It has become clear that in certain contexts, such as in older people and in those with a variety of diseases, obesity is not as adverse as had been thought. This is referred to as the “Obesity Paradox”. Obesity before middle age certainly is harmful. The laboratory has been exploring whether there might be a neuroscience explanation of the obesity paradox. We have been investigating the sympathetic nerves of the heart in lean, and obese patients with hypertension. The cardiac sympathetic nerves have a definite potential to cause 'mischief' in the heart.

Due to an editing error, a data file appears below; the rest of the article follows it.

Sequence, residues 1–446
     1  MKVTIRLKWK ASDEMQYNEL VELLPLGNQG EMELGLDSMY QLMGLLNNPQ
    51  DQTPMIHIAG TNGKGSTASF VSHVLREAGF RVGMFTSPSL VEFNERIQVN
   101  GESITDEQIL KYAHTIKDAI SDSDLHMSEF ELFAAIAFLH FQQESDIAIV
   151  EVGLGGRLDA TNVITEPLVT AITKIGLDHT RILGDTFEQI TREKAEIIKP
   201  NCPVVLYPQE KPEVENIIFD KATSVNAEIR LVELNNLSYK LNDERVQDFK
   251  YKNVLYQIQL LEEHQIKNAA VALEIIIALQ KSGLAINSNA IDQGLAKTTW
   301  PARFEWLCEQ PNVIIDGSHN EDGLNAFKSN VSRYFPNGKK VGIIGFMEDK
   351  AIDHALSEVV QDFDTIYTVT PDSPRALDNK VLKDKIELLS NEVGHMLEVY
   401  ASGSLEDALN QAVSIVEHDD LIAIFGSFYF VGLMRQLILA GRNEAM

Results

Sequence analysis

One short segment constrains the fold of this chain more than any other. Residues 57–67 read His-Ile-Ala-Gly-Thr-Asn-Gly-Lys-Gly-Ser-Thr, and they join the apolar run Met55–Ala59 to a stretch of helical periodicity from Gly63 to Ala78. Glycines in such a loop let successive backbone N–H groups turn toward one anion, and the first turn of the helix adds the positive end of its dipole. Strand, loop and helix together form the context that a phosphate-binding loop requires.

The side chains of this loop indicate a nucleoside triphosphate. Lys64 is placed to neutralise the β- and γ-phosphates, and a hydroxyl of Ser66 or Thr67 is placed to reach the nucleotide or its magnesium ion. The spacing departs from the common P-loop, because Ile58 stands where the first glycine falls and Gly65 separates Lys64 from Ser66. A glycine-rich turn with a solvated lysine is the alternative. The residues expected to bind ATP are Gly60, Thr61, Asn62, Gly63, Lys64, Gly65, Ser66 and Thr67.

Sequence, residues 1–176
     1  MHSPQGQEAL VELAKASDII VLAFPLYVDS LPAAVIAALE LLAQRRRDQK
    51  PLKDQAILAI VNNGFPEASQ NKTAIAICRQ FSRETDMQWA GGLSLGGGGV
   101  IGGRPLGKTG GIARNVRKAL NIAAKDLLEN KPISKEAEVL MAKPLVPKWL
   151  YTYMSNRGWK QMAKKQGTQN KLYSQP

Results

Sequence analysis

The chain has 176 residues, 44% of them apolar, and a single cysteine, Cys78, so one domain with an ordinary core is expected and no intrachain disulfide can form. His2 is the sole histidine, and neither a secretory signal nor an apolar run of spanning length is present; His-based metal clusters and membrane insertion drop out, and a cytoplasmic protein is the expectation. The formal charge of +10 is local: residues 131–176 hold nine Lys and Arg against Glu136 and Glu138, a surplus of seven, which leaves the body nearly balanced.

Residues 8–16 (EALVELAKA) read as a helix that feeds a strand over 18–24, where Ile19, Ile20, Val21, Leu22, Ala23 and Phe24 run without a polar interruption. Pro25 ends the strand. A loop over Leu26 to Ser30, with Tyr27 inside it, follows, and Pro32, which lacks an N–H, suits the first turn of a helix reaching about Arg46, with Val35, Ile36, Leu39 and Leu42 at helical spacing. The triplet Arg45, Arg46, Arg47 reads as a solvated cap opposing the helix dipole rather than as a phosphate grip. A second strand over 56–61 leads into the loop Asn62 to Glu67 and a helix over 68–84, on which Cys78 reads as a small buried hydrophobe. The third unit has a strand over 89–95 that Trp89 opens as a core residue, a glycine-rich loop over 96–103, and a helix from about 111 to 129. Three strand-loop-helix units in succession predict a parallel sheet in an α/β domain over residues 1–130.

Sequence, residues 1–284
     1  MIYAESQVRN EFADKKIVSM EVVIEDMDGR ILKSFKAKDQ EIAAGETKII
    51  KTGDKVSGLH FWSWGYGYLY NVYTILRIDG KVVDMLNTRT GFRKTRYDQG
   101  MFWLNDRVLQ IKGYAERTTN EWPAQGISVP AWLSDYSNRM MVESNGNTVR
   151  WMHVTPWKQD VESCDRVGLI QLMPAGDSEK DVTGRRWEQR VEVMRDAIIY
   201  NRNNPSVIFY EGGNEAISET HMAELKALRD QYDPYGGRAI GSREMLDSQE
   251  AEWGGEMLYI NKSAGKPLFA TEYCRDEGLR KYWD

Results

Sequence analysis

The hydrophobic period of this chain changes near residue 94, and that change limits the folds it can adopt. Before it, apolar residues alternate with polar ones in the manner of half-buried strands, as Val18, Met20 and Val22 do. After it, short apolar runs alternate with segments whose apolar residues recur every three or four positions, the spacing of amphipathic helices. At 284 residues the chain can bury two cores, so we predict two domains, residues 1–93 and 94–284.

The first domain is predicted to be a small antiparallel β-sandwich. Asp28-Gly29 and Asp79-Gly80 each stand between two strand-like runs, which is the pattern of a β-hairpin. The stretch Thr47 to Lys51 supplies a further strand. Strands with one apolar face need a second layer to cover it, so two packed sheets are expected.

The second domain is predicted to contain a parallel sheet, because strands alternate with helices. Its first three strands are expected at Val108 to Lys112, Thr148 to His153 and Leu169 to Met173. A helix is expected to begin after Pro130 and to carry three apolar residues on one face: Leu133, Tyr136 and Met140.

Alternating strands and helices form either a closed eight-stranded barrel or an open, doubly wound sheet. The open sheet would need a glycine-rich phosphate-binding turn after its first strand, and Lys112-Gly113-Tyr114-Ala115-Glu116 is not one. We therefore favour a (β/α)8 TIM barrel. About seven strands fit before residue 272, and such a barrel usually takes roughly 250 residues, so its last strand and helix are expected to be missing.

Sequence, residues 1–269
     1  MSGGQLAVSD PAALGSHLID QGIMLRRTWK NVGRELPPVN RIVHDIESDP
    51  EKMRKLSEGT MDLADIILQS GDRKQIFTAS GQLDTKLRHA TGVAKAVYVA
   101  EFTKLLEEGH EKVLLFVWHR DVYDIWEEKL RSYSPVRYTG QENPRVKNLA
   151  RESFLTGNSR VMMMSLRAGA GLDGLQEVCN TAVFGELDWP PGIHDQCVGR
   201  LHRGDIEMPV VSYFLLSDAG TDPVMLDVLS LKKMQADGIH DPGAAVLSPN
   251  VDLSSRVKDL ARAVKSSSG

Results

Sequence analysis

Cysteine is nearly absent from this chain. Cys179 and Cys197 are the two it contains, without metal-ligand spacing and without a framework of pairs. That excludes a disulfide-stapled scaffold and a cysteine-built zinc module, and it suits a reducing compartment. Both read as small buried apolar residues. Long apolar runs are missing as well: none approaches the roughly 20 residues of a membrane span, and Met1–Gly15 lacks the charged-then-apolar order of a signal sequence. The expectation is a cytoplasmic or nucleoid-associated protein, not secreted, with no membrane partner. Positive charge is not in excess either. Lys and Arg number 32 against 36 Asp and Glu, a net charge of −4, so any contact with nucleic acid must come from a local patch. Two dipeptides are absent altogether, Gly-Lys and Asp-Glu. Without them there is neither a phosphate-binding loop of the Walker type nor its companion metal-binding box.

In a recent analysis we have found that obese patients with high blood pressure are free of a range of noxious changes in the cardiac sympathetic nerves which are present in patients with normal-weight hypertension. In lean hypertensive patients cardiac sympathetic outflow to the heart is activated, sympathetic nerve fibres fire in grouped salvos which causes extra stimulation, the reuptake of the neurotransmitter (noradrenaline) after its release is faulty such as to intensify the nerve signal, and surprisingly, adrenaline is released as a second transmitter from the sympathetic nerves of the heart. None of these potentially toxic features are present in obesity-hypertension. We think this might be an explanation of the obesity paradox.